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School-Based Health Centers Boost Academic Success, But Lack State Funding in Pennsylvania

Regular access to healthcare services promotes preventive care and early intervention, leading to better overall health and wellness among students.
Photo courtesy of Shutterstock.

While for the first time Pennsylvania’s state budget includes money to provide 1.7 million public school students with universal free breakfast, none was allocated by the state to help fund 28 existing school-based health centers (SBHC) or to establish new ones.

That’s a problem.

Students perform better when they receive and have regular access to quality health care. Additionally, USDA studies have shown that K-12 school children excel academically and exhibit fewer behavioral issues when they start the day with a nutritional breakfast.

“Health and education outcomes are inextricably intertwined. You can’t do well academically if you’re not healthy,” said Julie Cousler, executive director of the Pennsylvania School-Based Health Alliance (PSBHA).

PSBHA and the Pennsylvania Association of School Nurses and Practitioners (PASNAP) are hoping Governor Josh Shapiro and the state legislature will invest in student wellness by fully funding school-based health services in the future.

“School-based health centers keep the kids in their seats in the classroom, and the number one reason why kids achieve in school is because they’re in school,” said Sheila Ballen, who coordinates communications for PSBHA. “Think of it as an urgent care located within a school.”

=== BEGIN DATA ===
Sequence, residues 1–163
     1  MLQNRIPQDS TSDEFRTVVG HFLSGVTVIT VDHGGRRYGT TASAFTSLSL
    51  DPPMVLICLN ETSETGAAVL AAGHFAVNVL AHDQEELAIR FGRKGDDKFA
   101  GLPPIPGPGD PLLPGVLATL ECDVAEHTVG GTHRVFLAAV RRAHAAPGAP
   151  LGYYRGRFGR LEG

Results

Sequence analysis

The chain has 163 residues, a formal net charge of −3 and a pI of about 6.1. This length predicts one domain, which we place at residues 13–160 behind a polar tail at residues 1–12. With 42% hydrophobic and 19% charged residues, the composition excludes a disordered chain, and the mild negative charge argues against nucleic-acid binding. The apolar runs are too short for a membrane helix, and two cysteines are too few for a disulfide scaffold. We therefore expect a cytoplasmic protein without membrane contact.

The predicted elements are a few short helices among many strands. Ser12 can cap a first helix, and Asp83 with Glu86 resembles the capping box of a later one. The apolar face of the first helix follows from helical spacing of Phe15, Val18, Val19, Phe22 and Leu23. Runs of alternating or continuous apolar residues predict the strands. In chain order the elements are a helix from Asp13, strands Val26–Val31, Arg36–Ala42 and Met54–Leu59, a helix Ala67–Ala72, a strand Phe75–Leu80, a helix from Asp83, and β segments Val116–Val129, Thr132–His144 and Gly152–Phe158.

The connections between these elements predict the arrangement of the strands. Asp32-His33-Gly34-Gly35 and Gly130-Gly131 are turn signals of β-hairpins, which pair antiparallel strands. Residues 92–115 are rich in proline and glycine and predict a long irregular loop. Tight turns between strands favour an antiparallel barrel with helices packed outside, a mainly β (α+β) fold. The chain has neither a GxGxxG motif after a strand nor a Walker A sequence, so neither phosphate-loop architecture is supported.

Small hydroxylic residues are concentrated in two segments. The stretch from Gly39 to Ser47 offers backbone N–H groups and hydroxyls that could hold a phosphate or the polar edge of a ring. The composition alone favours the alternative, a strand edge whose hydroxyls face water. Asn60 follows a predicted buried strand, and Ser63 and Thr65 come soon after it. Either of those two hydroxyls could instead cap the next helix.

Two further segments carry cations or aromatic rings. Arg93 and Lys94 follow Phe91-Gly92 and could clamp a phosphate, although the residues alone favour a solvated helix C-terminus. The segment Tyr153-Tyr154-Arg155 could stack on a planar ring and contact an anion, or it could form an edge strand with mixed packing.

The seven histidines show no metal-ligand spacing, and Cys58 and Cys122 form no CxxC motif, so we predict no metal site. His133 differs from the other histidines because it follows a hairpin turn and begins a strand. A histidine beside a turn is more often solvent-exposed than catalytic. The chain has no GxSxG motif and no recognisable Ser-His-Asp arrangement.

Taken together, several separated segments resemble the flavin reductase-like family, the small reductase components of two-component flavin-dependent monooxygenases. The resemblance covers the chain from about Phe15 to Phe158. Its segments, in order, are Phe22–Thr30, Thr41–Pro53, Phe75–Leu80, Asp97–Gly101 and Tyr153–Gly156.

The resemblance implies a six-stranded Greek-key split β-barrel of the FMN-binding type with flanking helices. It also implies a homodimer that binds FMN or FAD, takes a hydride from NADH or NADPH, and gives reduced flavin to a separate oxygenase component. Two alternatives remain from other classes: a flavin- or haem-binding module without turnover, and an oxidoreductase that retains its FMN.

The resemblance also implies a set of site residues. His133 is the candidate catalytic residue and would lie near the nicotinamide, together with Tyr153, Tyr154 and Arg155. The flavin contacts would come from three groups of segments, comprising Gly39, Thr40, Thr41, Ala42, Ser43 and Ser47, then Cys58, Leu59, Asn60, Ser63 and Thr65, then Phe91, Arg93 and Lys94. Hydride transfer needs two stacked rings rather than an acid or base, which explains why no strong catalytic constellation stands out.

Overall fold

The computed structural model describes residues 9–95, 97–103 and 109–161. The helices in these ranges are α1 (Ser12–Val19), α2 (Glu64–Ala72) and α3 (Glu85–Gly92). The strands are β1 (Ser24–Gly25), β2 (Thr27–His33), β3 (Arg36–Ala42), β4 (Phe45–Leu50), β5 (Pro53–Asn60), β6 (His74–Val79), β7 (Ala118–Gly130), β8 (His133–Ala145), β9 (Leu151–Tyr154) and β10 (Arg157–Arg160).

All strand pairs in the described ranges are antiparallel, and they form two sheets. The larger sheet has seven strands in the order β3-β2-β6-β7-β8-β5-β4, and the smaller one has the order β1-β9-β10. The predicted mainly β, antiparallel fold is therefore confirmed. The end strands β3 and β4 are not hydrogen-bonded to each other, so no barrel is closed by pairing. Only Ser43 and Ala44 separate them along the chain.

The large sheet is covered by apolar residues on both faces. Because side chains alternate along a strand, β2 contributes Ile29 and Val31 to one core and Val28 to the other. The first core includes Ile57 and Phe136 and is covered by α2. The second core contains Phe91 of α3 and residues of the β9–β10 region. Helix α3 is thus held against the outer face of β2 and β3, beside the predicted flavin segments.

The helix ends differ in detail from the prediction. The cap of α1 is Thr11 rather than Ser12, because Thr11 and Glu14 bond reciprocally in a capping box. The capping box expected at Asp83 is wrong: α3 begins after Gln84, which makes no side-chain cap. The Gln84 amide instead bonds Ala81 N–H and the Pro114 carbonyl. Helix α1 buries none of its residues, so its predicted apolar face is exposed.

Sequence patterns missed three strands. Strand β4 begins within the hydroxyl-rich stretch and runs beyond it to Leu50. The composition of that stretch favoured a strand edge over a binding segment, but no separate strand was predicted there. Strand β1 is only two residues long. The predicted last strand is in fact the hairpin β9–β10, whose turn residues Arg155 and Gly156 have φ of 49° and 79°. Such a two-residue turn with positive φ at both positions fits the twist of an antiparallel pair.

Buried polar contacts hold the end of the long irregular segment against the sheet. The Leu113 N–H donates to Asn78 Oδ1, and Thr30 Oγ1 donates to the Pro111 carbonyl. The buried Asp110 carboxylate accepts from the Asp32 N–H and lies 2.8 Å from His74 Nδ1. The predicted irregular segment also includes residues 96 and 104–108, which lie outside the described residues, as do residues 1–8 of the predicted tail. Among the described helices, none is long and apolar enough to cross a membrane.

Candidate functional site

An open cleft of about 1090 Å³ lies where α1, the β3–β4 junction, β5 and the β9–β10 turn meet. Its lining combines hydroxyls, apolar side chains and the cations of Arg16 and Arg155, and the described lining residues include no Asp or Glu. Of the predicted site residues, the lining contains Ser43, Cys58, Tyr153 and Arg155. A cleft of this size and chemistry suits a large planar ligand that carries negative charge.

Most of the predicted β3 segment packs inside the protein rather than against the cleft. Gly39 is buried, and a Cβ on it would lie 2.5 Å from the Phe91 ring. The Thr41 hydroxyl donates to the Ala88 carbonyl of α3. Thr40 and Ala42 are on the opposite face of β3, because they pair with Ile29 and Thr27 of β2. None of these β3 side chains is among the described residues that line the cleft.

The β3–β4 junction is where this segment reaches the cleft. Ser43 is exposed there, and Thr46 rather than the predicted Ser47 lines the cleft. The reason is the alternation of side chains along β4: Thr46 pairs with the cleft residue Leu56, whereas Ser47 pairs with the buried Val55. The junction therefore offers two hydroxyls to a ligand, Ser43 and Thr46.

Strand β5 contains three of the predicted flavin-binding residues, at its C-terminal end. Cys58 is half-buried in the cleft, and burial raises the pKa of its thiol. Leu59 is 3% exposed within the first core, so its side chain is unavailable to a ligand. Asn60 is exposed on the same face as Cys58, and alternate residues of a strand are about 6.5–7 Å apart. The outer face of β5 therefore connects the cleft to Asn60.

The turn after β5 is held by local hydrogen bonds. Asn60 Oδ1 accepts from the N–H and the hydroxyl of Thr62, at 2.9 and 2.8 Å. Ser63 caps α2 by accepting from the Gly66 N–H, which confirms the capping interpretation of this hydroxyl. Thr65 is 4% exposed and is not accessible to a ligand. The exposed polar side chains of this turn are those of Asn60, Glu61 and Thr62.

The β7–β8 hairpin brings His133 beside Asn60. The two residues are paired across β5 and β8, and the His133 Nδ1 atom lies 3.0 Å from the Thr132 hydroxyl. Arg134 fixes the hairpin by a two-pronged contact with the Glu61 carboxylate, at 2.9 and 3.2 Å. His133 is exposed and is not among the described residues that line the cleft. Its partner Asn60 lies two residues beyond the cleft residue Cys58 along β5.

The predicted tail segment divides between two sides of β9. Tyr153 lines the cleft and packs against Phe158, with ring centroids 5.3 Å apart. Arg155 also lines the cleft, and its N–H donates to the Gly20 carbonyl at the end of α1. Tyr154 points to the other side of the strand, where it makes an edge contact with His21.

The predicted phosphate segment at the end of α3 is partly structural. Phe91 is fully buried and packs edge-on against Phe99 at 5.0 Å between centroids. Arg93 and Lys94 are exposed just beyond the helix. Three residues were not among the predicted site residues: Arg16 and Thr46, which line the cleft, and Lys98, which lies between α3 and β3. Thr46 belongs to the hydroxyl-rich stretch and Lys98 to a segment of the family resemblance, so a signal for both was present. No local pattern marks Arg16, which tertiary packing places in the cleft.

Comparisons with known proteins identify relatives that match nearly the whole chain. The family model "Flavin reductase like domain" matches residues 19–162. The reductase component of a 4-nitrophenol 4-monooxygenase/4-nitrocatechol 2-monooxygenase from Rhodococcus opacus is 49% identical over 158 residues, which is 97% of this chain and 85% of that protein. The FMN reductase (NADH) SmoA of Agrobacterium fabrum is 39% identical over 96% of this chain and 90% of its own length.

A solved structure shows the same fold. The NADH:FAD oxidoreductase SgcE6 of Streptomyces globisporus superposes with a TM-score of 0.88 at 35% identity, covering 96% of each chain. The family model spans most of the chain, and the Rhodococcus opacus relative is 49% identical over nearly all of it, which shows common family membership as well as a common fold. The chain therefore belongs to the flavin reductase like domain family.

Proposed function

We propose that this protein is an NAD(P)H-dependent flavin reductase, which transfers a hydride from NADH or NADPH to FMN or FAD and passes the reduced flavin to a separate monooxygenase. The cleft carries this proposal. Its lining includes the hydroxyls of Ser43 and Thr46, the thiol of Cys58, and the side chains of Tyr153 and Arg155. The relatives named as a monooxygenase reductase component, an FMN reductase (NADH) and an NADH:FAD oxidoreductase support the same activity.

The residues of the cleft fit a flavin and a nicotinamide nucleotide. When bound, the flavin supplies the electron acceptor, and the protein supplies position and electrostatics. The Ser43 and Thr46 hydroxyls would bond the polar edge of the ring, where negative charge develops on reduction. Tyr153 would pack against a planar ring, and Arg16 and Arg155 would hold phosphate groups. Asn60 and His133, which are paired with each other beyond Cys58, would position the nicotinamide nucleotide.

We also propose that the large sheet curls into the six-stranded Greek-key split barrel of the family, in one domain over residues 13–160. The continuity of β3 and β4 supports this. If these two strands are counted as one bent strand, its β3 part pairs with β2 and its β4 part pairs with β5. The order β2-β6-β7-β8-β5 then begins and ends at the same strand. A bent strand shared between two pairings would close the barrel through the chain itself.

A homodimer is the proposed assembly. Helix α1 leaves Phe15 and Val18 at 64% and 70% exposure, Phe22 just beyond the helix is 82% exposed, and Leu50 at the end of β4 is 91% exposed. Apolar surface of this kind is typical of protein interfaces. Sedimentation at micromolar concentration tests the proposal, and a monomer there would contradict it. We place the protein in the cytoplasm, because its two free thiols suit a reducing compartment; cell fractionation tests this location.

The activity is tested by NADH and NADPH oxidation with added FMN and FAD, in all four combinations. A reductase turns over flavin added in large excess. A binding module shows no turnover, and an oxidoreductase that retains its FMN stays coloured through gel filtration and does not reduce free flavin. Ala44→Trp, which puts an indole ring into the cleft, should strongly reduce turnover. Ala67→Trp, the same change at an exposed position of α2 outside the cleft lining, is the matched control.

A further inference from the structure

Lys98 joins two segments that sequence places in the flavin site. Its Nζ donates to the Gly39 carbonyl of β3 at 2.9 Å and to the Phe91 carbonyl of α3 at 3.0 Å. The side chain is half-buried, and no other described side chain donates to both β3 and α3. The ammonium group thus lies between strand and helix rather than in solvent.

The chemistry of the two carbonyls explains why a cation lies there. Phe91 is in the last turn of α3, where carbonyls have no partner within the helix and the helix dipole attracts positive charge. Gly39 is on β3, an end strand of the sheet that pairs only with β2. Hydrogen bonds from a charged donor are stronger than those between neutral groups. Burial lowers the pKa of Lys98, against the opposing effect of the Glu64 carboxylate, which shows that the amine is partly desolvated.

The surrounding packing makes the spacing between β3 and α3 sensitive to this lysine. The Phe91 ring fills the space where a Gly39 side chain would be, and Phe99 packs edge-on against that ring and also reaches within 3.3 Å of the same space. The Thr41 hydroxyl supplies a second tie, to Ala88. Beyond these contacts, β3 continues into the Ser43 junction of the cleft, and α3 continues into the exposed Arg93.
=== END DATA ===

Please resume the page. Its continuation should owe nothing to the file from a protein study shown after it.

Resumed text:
SBHC care goes well beyond what a traditional school nurse may provide.

According to Ballen, asthma attacks are one of the most recognized reasons as to why children seek medical care in school and was the number one cause for chronic absenteeism.

In a school with a SBHC, asthma may be treated with medication, much as it would be in a clinic or at home.

With parent or guardian approval, SBHCs may prescribe and dispense medication, provide physicals for sports or learner’s driving permits, as well as administer vaccines.

School nurses and health centers work together. 

“There are things that nurses do that the school-based health clinics don’t do and there are things that the health clinics do that school nurses don’t do,” said PASNAP’s Anne-Marie Crawford. “We’re two parts of a puzzle. It is a wonderful resource for school nurses to be able to have that [SBHCs] as a resource to continue to do our jobs.”

She added that the two work in concert to ensure kids are healthy enough to stay in the classroom. 

Despite the benefits of having SBHCs, funding remains an issue. Schools in Pennsylvania are required to have a nurse, however state funding has not increased since 1991 and remains at $9.70 per student. Costs that exceed that amount are paid for by tax dollars.

Currently, SBHCs in Pennsylvania serve schools who receive Title I funding and payment for health center services is a combination of Medicaid, student health insurance, and grants. Receipt of state funding would ensure existing programs continue to operate and help new centers to open.  

“The rest of the country embraced school-based health centers decades ago,” said Cousler. “We really think that it’s time for Pennsylvania to embrace school-based health centers for the most vulnerable students, really, for the most high need students, the most low-income communities.” 

Thirteen of Pennsylvania’s 28 existing SBHCs are located in Philadelphia, with the remaining balance spread across the state, including in Lancaster, York, Scranton, Erie, and Allentown school districts.

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Jenny Stephens

Jenny Stephens

Jenny Stephens is a freelance journalist who has written for a variety of publications, including The Reporter. An avid collector of all things vintage, she resides in the Philadelphia area.

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